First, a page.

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Re: [Lambengolmor] Vocalizations in Noldorin/Sindarin

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  • Hans Georg Lundahl
    Tchitrec@aol.com skrev: CE _*juktâ-_ ON _*juktha-_ _*juchþa-_ N _juiþa-_ , written _iuitha-_ to employ [C. Tolkien hesitatingly reads enjoy , but
    Message 1 of 3 , Sep 14, 2002
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      Tchitrec@... skrev:

      CE _*juktâ-_ > ON _*juktha-_ > _*juchþa-_ > N _juiþa-_ , written _iuitha-_
      "to employ [C. Tolkien hesitatingly reads "enjoy", but the root is said
      to mean "employ, use"]"(V:400 root YUK)

      employ vs enjoy, cp latin uti vs frui, on whose relations in meaning see further St Augustine (who is basically saying we must employ earthly life in order later to enjoy God) whom Tolkien would certainly have read.

      Hence a root meaning employ could yield a derivative meaning enjoy by a shift of meaning easily understood. Or Tolkien could have changed his mind about what the root meant by an association as easily understood.

      Hans Georg Lundahl

      Gratis e-mail resten av livet på: www.yahoo.se/mail
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      [Non-text portions of this message have been removed]


      [One of the meanings of "enjoy" is "to have the use or benefit of". Carl]
    • David Kiltz
      On Samstag, September 14, 2002, at 05:02 Uhr, Hans Georg Lundahl [230] ... This may be relevant in this context: To employ, use; enjoy is exactly the range
      Message 2 of 3 , Sep 14, 2002
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        On Samstag, September 14, 2002, at 05:02 Uhr, Hans Georg Lundahl [230]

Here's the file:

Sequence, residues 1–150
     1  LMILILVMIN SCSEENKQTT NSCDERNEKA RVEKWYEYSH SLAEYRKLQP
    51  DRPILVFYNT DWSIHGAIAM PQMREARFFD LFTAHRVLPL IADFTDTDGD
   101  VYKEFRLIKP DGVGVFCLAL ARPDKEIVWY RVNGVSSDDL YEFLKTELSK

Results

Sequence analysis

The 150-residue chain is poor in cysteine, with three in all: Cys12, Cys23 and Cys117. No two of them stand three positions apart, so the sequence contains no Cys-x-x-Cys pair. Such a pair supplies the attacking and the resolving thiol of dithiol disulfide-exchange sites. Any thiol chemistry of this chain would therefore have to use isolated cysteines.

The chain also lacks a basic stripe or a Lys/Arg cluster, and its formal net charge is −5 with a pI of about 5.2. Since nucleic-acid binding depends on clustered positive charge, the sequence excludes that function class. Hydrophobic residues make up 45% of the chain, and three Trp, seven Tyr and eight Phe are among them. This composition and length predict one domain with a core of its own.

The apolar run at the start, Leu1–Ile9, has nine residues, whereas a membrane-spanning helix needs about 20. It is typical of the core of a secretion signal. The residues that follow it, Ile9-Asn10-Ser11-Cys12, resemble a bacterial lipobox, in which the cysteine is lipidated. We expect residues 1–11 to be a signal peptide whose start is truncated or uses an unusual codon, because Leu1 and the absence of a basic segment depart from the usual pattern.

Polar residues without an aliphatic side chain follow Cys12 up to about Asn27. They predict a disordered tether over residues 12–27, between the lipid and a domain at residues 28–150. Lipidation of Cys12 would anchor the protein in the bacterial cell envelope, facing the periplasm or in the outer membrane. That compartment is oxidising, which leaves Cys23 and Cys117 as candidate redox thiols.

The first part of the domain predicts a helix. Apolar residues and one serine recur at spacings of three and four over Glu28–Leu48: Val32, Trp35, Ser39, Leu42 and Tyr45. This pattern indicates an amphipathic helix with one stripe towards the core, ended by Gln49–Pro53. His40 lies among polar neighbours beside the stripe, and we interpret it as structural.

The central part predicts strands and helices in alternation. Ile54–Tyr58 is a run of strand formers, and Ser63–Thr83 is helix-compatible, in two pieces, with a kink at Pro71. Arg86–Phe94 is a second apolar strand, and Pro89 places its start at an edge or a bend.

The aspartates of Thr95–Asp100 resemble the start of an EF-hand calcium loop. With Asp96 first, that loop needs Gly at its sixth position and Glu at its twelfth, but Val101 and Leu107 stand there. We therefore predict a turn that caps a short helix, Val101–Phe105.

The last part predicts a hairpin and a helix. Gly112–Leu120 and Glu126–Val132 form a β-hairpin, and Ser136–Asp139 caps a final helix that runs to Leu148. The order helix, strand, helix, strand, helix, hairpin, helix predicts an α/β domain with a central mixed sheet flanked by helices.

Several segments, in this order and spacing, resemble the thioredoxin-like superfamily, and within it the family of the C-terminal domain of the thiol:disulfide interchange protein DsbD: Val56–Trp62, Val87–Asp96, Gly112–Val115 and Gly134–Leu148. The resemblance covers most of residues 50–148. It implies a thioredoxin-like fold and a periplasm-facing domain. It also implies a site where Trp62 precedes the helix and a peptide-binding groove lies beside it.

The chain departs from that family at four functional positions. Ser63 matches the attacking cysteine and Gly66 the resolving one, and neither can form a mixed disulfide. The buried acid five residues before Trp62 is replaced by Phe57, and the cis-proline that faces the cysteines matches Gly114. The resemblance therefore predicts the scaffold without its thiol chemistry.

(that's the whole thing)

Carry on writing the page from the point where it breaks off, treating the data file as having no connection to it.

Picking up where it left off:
wrote:

        >
        > Tchitrec@... skrev:
        >>
        >> CE _*juktâ-_ > ON _*juktha-_ > _*juchþa-_ > N _juiþa-_ , written
        >> _iuitha-_ "to employ [C. Tolkien hesitatingly reads "enjoy", but the
        >> root is said to mean "employ, use"]"(V:400 root YUK)
        >
        > employ vs enjoy, cp latin uti vs frui, on whose relations in meaning
        > see further St Augustine (who is basically saying we must employ
        > earthly life in order later to enjoy God) whom Tolkien would certainly
        > have read.

        This may be relevant in this context:

        "To employ, use; enjoy" is exactly the range of meaning the Germanic
        verb *bruk- (Goth. _brukjan_, OE _brucan_, OHG _bruhhan_[all "u"s are
        long]) has. It is derived from the same root as Latin _frui_, frux and
        fructus. The primary meaning seems to have been "take in food, use
        food", hence "use in general" and "enjoy".

        Given the fact that J.R.R. Tolkien was of course intimately acquainted
        with Germanic, it is very likely we have a parallel development here.
        Indeed, similarity of semantic fields, as well as resemblances in
        grammar and word shape between Elvish and Germanic are manifold.

        David Kiltz
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